State, feds agree on Hanford cleanup
State and federal officials announced a court-enforceable schedule Tuesday for cleaning up Hanford, ending more than two years of negotiations that followed dozens of missed deadlines.
The Associated Press
RICHLAND — State and federal officials announced a court-enforceable schedule Tuesday for cleaning up the nation's most contaminated nuclear site, ending more than two years of negotiations that followed dozens of missed deadlines.
The sprawling Hanford nuclear reservation, created as part of the top-secret Manhattan Project to build the atomic bomb during World War II, has been a focus of extensive cleanup efforts for two decades. In that time, the pact that governs cleanup has been changed more than 400 times.
Washington state sued the Energy Department last November over missed cleanup deadlines, though the two sides settled part of the lawsuit in February. That agreement accelerated cleanup of contaminated groundwater along the neighboring Columbia River, among other things, and both sides said it would shrink the 586-square-mile site to just 75 square miles by 2015.
The consent decree filed Tuesday with the U.S. District Court in Spokane sets new deadlines for the remaining points of contention: emptying underground waste tanks and building a plant to treat that waste.
The parties also agreed to review the schedule every six years. Gov. Chris Gregoire made the announcement at Hanford with Energy Secretary Steven Chu, who was visiting the site for the first time, Democratic Sens. Patty Murray and Maria Cantwell, and Oregon Gov. Ted Kulongoski.
"All of our energy now is to be devoted to where it belongs — to cleaning up Hanford," Chu said.
The new schedule, while longer than state officials hoped, is reasonable, Gregoire said. "It is aggressive, it is achievable, and it is enforceable."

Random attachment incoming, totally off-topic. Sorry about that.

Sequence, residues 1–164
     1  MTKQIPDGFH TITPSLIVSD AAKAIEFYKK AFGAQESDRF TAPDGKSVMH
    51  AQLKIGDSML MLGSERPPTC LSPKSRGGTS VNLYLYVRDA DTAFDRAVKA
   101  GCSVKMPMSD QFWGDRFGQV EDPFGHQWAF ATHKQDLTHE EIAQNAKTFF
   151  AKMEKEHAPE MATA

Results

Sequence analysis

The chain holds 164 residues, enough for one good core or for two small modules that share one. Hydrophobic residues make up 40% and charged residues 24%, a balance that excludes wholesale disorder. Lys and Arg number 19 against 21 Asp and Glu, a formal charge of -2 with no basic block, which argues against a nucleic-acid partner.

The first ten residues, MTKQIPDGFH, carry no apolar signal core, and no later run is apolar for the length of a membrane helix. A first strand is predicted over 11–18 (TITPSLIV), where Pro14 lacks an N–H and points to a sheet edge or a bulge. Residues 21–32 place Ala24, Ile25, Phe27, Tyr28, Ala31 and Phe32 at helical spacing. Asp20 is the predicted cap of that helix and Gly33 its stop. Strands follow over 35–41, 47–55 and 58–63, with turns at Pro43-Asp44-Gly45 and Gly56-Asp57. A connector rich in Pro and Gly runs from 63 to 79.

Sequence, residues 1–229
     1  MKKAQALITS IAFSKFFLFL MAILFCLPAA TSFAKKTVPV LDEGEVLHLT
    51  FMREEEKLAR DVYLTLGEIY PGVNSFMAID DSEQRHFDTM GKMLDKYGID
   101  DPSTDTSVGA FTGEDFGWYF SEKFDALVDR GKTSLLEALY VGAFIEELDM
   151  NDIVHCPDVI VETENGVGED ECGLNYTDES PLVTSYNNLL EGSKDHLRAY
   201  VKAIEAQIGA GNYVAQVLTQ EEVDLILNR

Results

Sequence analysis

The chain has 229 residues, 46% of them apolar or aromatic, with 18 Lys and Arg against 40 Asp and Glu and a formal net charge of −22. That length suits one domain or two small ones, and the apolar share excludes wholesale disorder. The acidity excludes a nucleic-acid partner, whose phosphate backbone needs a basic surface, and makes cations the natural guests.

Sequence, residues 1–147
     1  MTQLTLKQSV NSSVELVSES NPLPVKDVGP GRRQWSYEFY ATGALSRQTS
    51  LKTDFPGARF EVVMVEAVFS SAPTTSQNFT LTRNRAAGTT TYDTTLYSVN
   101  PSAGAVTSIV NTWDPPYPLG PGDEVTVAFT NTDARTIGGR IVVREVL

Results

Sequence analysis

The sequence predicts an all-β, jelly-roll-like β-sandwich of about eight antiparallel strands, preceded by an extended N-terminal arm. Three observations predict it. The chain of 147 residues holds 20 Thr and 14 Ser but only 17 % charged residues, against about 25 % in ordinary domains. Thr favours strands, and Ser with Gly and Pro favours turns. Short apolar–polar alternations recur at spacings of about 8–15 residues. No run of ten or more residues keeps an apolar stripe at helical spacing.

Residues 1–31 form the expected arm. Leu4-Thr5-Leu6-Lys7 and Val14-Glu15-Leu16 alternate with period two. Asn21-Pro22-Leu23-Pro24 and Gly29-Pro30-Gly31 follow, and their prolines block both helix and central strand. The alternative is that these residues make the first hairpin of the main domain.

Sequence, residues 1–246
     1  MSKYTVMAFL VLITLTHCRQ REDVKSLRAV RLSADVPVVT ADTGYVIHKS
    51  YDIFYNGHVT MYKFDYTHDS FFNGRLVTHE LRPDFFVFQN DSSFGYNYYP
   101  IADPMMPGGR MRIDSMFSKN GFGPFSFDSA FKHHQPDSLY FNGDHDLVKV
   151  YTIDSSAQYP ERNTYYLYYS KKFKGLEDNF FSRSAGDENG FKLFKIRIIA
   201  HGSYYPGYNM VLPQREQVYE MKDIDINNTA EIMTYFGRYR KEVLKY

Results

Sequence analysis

Hanford produced plutonium for the world's first atomic blast, the Trinity Test, and for the bomb that was dropped on Nagasaki, Japan, in 1945, effectively ending World War II. The site continued to contribute to the U.S. nuclear weapons arsenal through the Cold War.
The remnants of that effort, 53 million gallons of radioactive brew, are stewing in 177 underground tanks. Some of those tanks are known to have leaked into the aquifer, threatening the river, and 144 tanks remain to be emptied.
Under the 1989 Tri-Party Agreement, signed by the state Department of Ecology, the Energy Department and the Environmental Protection Agency, all tanks were to have been emptied by 2024 and the waste treated by 2028. The new agreement requires that all waste be treated by 2047.
The $12.2 billion plant that will convert the waste into glasslike logs for permanent disposal underground — also far behind its 2011 operating deadline — now will begin its test phase by 2019 and full-scale operations by 2022.
The agreement will be available for public comment Sept. 24 through Nov. 9. The parties also still must consult with area Indian tribes, including the Yakama Nation.
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